Today I had a deadline. I had several deadlines, actually, but most prevalent in my mind was this blog post. I knew for over a week that it was due. Heck, I probably started stressing about it as soon as my last post went live. Yet, here I am, the day of, completing this post. I used to think this cycle of dread and procrastination was a sign of laziness, or ineptitude. If only I could get my act together, then I could meet deadlines and soar on wings of competency, at last a successful person. But I AM a successful person. I have a position that I love in a profession I adore. I’m a single mother working full-time, juggling e-learning and professional responsibilities during a freaking pandemic and I haven’t lost my mind (yet). Objectively, I’m rocking it.
So, why the disconnect between my vision of myself and how I’m perceived by others? Two words: Imposter Syndrome. I have it and, chances are, you have it too.
First identified in 1978, Imposter Syndrome is “a collection of feelings of inadequacy that persist despite evident success.” People with Imposter Syndrome feel “that they are a fraud, the one incompetent person in an industry full of pros.” It often presents along with perfectionism and intense fear of rejection and failure.
Imposter syndrome is extremely common in both the legal and library fields, with women and minorities being especially prone to the phenomenon. It can be detrimental to our careers and personal lives, and even exacerbate the impact of discrimination. It can also negatively affect law students, setting them up for failure and damaging their confidence following graduation and into practice.
So, how can we convince ourselves and our students that we are all successful and competent people worthy of success?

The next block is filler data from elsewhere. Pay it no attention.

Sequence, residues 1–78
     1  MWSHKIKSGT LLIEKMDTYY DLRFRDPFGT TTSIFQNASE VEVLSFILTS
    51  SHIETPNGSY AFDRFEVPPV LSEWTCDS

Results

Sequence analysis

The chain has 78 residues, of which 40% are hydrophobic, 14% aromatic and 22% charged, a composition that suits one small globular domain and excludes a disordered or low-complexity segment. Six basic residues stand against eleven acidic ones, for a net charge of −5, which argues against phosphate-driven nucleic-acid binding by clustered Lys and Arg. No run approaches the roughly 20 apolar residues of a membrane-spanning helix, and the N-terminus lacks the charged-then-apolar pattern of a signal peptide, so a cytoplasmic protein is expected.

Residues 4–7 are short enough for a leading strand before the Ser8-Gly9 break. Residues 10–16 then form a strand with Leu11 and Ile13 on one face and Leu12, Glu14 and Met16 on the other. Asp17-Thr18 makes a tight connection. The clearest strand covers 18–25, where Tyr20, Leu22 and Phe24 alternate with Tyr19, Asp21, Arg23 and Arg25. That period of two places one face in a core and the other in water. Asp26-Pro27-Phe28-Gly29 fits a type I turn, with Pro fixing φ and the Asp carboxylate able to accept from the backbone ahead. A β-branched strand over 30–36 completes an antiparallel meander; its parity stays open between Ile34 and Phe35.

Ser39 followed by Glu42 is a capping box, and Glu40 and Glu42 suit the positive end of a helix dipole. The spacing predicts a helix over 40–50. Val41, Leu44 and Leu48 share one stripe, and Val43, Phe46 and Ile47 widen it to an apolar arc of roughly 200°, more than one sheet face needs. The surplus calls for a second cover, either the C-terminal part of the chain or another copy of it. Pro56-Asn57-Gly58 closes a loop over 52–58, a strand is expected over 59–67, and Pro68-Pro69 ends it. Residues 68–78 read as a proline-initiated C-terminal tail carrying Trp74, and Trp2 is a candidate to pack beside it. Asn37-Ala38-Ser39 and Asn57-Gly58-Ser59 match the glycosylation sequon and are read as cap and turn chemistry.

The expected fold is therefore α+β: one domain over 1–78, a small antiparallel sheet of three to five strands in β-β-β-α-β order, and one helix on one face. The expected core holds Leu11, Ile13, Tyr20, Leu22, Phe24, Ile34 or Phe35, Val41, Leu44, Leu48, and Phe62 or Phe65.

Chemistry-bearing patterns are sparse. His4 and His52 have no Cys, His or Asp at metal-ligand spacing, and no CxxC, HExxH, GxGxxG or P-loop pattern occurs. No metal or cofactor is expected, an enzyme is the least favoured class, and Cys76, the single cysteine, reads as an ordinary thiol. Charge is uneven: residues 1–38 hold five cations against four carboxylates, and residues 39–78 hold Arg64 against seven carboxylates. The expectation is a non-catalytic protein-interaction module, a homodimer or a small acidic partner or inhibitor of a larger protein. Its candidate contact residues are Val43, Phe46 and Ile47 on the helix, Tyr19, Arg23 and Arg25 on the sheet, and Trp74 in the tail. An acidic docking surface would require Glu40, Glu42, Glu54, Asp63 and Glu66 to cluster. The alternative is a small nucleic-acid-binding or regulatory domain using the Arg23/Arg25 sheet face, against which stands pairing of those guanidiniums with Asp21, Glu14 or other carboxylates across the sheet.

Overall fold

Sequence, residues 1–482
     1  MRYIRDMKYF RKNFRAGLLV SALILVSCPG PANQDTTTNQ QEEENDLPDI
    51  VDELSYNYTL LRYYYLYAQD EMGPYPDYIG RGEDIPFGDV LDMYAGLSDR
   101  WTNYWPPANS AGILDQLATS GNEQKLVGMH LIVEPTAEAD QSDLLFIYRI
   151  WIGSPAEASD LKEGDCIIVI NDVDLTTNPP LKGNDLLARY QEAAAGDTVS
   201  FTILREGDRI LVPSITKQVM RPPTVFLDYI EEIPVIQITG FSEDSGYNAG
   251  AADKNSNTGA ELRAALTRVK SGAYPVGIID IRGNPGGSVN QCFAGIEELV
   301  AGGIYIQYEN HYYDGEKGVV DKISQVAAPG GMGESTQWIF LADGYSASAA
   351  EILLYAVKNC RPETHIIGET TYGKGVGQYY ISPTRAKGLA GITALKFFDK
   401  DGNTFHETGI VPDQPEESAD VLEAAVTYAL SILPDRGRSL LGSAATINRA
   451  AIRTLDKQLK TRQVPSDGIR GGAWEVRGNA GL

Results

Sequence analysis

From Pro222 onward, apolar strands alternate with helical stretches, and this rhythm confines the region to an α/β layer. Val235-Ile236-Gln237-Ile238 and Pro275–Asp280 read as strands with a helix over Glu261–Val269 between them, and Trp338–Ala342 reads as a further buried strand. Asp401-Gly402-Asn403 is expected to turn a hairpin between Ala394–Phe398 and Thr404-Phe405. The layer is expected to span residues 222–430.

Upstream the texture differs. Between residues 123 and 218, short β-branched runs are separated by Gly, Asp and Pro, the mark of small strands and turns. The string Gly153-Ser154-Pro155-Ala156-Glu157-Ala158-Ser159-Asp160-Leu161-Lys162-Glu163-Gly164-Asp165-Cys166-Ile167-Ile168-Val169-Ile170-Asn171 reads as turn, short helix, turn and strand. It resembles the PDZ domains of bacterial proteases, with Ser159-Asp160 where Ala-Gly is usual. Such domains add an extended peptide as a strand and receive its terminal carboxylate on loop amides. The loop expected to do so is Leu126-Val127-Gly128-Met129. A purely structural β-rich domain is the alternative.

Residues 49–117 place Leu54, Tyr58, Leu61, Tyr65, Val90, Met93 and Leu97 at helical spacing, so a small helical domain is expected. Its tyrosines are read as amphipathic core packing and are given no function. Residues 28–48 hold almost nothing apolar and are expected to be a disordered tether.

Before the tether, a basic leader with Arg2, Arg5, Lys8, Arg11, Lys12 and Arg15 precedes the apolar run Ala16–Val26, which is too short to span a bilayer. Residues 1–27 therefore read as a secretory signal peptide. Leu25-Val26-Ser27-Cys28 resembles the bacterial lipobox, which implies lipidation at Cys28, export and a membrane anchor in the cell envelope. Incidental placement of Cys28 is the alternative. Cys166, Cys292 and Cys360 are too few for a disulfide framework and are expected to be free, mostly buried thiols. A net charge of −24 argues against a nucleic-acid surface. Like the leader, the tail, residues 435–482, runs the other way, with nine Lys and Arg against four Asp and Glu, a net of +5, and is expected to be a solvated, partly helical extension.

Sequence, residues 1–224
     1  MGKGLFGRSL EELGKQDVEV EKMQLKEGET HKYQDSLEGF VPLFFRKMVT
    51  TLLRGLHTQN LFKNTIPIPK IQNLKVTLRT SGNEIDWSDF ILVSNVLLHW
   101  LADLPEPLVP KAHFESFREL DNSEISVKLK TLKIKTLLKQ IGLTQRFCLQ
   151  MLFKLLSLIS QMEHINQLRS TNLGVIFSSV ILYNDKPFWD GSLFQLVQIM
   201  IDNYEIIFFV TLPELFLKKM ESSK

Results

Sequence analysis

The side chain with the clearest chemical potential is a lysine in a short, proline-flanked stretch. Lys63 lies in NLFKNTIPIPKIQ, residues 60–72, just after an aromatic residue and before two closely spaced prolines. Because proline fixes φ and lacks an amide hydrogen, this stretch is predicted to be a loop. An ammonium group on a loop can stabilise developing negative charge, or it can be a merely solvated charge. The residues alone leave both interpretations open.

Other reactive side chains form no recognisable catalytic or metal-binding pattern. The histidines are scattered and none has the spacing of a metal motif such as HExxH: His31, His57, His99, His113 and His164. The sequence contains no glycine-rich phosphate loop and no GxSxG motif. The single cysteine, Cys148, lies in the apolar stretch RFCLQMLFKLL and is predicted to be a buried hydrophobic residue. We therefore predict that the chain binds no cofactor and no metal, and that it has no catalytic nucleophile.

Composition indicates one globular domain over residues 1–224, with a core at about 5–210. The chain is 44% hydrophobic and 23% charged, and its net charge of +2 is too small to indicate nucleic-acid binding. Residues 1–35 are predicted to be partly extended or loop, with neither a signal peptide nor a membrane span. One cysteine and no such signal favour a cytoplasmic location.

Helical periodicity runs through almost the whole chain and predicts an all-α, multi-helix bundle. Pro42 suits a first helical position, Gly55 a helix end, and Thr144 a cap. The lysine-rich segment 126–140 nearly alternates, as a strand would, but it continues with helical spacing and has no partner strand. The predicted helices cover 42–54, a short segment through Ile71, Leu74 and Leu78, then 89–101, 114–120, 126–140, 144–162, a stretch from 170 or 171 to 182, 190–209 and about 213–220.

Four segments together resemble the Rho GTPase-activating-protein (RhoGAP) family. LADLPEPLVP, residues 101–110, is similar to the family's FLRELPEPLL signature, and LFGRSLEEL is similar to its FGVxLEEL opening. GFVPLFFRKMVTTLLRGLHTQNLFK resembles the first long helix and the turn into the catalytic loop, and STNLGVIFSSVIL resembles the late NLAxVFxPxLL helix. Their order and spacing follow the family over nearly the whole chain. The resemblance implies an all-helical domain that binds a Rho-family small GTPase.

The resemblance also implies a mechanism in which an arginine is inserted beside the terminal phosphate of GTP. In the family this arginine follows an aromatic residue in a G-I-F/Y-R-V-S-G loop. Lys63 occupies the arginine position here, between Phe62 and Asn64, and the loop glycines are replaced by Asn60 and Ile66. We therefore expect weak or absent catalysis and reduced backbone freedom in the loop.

There is a plethora of resources available with strategies to help combat imposter syndrome. There are articles, books, blogs, webinars, and libguides on the topic. A few approaches that I’ve found particularly helpful are:
- Reframe or “Flip the Script” – Imposter Syndrome uses the same tired lines over and over again. The next time you hear those self defeating words, remind yourself with real examples how many times and ways you have succeeded
- Connect with a Mentor – Choose someone who knows both you and the profession, they can provide valuable experience and validation
- Acknowledge a failure doesn’t make YOU a failure or a fraud – Abandon the mindset that you cannot fail, or risk being labeled a failure forever. We all fail. Even the best, most competent people fall short, or falter sometimes. Learn and move forward.
While these strategies can be extremely helpful to the individual, it’s of vital importance that we combat this issue systematically as well. The first step is admitting that we have a problem, the second is talking about it. The more we talk about our own struggles, the easier it is for others to feel that they aren’t alone. So, let’s start a conversation and if you need someone to tell you that you are rocking it, I’m happy to oblige.